Messiah Lutheran Church 6201 W Patterson Av
Chicago IL 60634

September 2019

Living Lives of Meaning and Purpose Under the Son

Solomon is considered the wisest man who has ever lived next to Jesus, specially anointed with the wisdom of God and along with that God gave Solomon great riches and honor.<\p>

During his Kingship, the Temple was built and he became one of the most powerful kings in all of history, reigning in a time of peace and prosperity and no war. Thus, living up to the meaning of the root word of his name, Shalomo, meaning peaceful.<\p>

Nations would send delegates to the capital city of Jerusalem where he lived and reigned, just to witness his wealth and wisdom. And the Queen of Sheba traveled over 1000 miles just to have a meeting with him.<\p>

And yet, in the Book of Ecclesiastes, Solomon sounds like nothing, but grumpy, cynical, bitter old man, as for 12 Chapters he goes on and on describing the vanity of chasing after pleasure, wealth, and wisdom, along with the ironies and injustices of life.<\p>

In fact, Solomon uses the word "vanity" thirty-seven times in his book of Ecclesiastes. But, lest you get the wrong idea that God the Holy Spirit had inspired Solomon to write these words without any hope us at all, when you read this Book in its proper context, you will discover that God inspired Solomon to write it in order to assure us that in spite of how may things may appear at times, we can indeed have lives of true meaning and purpose.<\p>

And what makes Ecclesiastes even more relatable and not just merely a philosophical discourse is that Solomon didn't just write these words as an observer on the sidelines, he actually lived them! For the book of Ecclesiastes is Solomon's personal testimony of how he had experienced the vanities of life, and how by God's grace, He came to recognize that life can have meaning and purpose when we fear, love and trust in God above all things!<\p>

Solomon, in spite of his wisdom, had done some astonishingly idiotic, stupid things, just like I have in my lifetime – and I dare say you have to, whenever you like me have sinned in thought, word, and deed by what you have done and by what you have left undone.<\p>

Solomon had married 700 pagan women and taken in 300 concubines, and had even built temples for the false gods of his wives, thus allowing foreign idols in Israel, instead of using His wisdom, wealth, and power to rule and lead God's people.<\p>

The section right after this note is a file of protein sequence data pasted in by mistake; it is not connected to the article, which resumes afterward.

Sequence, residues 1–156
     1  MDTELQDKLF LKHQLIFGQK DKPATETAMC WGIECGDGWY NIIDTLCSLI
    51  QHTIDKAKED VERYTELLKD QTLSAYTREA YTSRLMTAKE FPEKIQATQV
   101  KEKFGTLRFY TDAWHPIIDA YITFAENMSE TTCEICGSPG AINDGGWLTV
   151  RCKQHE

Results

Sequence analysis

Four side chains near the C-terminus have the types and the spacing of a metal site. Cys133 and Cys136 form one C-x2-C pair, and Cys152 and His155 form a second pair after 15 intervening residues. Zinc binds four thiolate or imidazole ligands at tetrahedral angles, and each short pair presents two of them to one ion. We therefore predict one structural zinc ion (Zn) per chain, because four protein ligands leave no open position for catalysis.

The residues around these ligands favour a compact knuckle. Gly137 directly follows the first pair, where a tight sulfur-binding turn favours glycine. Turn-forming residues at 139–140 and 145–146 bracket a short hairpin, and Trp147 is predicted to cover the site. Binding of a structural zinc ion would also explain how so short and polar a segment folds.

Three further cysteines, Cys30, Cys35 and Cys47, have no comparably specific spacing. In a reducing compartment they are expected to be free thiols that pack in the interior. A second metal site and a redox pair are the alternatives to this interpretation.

He had used his wisdom, wealth, and power to pursue his life's meaning in all the wrong places, and as a result scripture tells us that his heart that had once been turned towards God was bent away from God.<\p>

But his writing of the Book of Ecclesiastes is evidence that Solomon's heart was now being bent back towards God who once said of him in 2 Samuel 7, "I will be His Father, and He will be my Son. If He becomes guilty, I will punish Him with the rod of men and with blows inflicted by men. But I will not stop being kind to Him."<\p>

And so, we find Solomon at the end of his life, making a written confession for others to read about, including you and me, of what an utter fool he was and offering his parting words of wisdom before he breathes his last breath on the earth.<\p>

The Book of Ecclesiastes stands out from all the other Books of the Bible, in its cynical and pessimistic way that life is described from the natural wisdom of this world, but, Solomon was not an atheist, or an agnostic, or an epicurean, as some have taken his words to mean by taking the passages that are found in the book of Ecclesiastes out of context.<\p>

He was simply describing by the inspiration of the Holy Spirit the absolute foolishness of trying to find purpose and meaning in anything else but seeking first the Kingdom of God, in order that we might learn from his misstates.<\p>

In fact, Solomon mentions God 40 times in the book Ecclesiastes and he concludes his book by emphasizing as its grand finale, "Finally, having heard it all – fear God and keep His commandments, for this applies to everyone, because God will bring into judgment everything that is done, also every secret thing, whether it is good or evil".<\p>

However, a belief in God as Judge alone won't deliver you from living a purposeless and meaningless life. It might even drive you even further into despair when you consider just how sinful you really are. Instead, a life of meaning and purpose includes a belief in God as Savior, as well.<\p>

For the Good news is that there was another Son of David, who came to this world and did something Very New!<\p>

He came into this wearisome cycle of life and death, was born of the virgin Mary, from the line of David, fully human and fully God and lived a life under the sun and thus under the same powers we all live under, the law, sin, and death. And yet he completely fulfilled the law in our name and on our behalf.<\p>